This news comes from the Microsoft Windows Blogs dated May 26. It’s entitled “Delivering Delightful Performance for More Than One Billion Users Worldwide.” That’s the day after Build 2023 concluded, and the first time that MS has publicly disclosed user count data for Windows 11 in about a year. It’s also the first time they’ve proclaimed that the Windows 11 user count tops 1B worldwide.
These are the four instances in the afore-linked item where the “billion” word occurs:
1. In the title of the blog post, as quoted in the preceding ‘graph
2. In a sentence that reads (in part) as “... with over one billion users and a rich PC ecosystem…”
3. Diagnostic data includes “…over 70.4 billion scenario performance data points per year.”
4. Final paragraph, penultimate sentence reads (in part) “…thanks to our Windows Insider community for helping us continue to improve Windows for the over one billion users worldwide.”
What Windows 11 User Count Tops 1B Worldwide Means
According to Statista, as of June 2023, the company expects a ratio of 68.6% for Windows 10 vis-a-vis 18.12% for Windows 11. Thus, if there are 1 B Windows 11 users, there must also be around 3.78 B Windows 10 users. To me this means one of two things:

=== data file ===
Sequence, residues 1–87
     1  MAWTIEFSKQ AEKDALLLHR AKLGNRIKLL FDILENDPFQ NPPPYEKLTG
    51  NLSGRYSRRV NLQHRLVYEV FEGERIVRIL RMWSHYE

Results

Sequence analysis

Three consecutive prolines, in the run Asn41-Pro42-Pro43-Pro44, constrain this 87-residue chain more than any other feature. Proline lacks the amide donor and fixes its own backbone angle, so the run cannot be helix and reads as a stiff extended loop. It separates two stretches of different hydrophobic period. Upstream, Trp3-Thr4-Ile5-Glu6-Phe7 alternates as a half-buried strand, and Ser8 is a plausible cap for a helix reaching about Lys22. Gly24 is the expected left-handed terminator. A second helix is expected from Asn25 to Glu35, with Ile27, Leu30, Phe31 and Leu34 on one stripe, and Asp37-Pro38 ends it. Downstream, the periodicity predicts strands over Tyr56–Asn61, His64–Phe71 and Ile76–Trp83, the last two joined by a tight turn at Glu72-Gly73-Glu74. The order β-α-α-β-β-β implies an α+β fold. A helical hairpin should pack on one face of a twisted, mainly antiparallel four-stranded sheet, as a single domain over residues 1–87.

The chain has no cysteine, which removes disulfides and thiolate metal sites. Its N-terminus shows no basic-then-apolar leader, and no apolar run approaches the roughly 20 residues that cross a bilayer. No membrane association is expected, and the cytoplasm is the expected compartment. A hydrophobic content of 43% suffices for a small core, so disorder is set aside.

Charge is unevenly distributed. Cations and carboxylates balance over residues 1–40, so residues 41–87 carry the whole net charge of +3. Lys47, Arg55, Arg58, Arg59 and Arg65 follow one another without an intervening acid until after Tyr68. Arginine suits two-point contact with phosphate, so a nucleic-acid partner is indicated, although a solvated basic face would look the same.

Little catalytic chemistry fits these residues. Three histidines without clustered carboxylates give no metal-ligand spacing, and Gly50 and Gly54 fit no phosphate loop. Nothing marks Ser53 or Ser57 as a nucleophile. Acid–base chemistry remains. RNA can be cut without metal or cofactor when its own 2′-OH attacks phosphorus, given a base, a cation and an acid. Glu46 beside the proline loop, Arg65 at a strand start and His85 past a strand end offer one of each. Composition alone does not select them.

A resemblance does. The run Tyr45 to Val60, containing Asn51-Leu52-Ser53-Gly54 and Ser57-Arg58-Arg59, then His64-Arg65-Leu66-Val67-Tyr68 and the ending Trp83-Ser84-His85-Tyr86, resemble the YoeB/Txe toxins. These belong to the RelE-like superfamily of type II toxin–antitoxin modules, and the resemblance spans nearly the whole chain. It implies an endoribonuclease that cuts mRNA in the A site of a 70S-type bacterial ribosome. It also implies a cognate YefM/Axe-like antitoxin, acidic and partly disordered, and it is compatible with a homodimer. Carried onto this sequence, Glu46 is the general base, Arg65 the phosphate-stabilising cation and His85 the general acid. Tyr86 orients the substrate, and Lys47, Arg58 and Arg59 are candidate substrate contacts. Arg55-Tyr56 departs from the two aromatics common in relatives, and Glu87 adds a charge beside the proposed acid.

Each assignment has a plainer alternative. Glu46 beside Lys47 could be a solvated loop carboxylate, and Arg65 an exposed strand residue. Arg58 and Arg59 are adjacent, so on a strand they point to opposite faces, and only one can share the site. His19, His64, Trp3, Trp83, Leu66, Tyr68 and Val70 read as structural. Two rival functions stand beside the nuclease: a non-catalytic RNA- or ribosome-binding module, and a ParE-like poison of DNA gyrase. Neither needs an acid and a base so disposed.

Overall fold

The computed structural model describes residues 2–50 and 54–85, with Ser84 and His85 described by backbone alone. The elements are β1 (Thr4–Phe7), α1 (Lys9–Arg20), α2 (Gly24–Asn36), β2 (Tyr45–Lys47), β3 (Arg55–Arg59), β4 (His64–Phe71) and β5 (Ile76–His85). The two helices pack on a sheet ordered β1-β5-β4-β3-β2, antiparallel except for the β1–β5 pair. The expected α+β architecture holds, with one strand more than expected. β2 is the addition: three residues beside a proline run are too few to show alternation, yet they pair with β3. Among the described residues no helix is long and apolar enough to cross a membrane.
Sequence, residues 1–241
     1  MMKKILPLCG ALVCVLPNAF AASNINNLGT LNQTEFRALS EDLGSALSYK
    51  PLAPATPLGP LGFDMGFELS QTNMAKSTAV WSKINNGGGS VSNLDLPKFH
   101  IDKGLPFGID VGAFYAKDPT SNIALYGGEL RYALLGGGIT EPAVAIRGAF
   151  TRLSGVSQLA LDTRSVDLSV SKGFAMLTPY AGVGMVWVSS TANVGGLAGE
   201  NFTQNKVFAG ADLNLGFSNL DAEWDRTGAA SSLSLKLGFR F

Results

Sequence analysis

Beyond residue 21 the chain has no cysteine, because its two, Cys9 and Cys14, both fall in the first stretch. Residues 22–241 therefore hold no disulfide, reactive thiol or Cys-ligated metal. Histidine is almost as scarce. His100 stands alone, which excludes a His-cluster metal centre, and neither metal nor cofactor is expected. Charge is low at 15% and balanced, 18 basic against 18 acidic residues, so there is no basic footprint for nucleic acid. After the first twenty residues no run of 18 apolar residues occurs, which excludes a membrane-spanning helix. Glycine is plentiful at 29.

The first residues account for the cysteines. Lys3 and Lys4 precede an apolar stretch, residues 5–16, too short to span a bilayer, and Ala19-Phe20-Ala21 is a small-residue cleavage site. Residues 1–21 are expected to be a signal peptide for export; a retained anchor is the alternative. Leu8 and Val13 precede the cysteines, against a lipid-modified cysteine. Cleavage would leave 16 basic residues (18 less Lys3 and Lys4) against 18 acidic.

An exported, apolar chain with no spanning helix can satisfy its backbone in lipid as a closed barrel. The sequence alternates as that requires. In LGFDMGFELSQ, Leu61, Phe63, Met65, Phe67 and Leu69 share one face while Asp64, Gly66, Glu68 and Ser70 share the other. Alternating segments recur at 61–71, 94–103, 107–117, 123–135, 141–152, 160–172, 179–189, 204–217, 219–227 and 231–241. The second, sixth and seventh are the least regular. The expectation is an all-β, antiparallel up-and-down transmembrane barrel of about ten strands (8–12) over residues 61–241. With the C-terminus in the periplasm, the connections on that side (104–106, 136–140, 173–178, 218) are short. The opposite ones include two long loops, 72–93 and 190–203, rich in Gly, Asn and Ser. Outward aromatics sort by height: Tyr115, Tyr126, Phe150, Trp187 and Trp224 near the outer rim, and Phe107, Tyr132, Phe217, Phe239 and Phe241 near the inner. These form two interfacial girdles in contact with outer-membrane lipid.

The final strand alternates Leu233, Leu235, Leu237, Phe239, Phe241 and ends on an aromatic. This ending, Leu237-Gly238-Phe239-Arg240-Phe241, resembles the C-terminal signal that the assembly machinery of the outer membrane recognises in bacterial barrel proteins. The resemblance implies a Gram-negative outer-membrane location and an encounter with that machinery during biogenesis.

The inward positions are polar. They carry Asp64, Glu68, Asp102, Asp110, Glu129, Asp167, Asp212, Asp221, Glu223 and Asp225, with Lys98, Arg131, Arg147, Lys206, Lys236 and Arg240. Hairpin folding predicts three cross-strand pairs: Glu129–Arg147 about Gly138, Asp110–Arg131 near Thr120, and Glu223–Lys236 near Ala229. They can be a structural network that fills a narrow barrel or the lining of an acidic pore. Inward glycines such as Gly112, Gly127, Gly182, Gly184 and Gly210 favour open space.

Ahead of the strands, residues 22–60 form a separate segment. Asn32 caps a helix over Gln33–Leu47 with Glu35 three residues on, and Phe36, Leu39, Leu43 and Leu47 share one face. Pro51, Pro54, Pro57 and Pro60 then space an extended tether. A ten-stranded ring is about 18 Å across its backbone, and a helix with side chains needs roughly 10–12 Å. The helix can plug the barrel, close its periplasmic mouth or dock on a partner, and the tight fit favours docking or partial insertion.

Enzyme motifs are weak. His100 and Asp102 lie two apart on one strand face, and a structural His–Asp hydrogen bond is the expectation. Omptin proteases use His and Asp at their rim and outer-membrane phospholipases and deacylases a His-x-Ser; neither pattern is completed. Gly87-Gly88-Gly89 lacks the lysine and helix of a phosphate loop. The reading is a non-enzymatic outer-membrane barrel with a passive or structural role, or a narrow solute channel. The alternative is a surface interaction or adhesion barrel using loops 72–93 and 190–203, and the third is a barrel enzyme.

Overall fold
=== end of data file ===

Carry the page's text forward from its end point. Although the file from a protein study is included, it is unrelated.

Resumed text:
(a) The ratio of visitors that Statista tracks doesn’t accurately model the Windows population of active users
(b) Microsoft’s claimed 1 B figure does not translate to active users 1-to-1 (makes sense, given that one active user can run multiple instances of the OS, especially VMs)
In January 2023, for example, Jason Wise reported at EarthWeb that MS claimed 1.4 B active devices running Windows 10 and 11 monthly in January 2022. They use this data, plus additional insights, to assert that “Windows, new versions and otherwise, run on more or less 1.6 billion devices around the world” as of January 2023.
Even assuming a monthly growth rate of 3% that puts the global Windows population at 1.85 B in May, 2023. How can there be at or over 1 B Windows 10 users and a similar number of 11 users with a total that’s arithmetically lower? Something here doesn’t make sense…
It should be interesting to see the pundit corps chew this over. Stay tuned, and I’ll keep you posted…
Note Added 1 Hour Later…
It’s got to be devices, counting both physical and virtual machines as individual devices. I use 10 PCs here at my house, and I have at least another dozen VMs across various Windows versions at my disposals. That’s over 20 “devices” but only one user. That leaves room for a tangible “muliplier” between users and devices, IMO.